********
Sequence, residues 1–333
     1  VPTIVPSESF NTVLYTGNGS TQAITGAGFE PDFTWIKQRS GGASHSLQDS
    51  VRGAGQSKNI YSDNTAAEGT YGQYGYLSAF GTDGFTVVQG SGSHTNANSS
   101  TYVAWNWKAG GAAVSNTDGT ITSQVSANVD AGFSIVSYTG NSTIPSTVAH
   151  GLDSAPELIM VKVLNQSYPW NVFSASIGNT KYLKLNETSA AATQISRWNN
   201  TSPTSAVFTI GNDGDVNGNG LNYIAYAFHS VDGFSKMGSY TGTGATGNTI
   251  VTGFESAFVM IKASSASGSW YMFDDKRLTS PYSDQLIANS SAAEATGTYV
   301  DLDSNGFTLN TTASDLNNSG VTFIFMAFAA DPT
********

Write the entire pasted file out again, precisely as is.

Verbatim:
Sequence, residues 1–333
     1  VPTIVPSESF NTVLYTGNGS TQAITGAGFE PDFTWIKQRS GGASHSLQDS
    51  VRGAGQSKNI YSDNTAAEGT YGQYGYLSAF GTDGFTVVQG SGSHTNANSS
   101  TYVAWNWKAG GAAVSNTDGT ITSQVSANVD AGFSIVSYTG NSTIPSTVAH
   151  GLDSAPELIM VKVLNQSYPW NVFSASIGNT KYLKLNETSA AATQISRWNN
   201  TSPTSAVFTI GNDGDVNGNG LNYIAYAFHS VDGFSKMGSY TGTGATGNTI
   251  VTGFESAFVM IKASSASGSW YMFDDKRLTS PYSDQLIANS SAAEATGTYV
   301  DLDSNGFTLN TTASDLNNSG VTFIFMAFAA DPT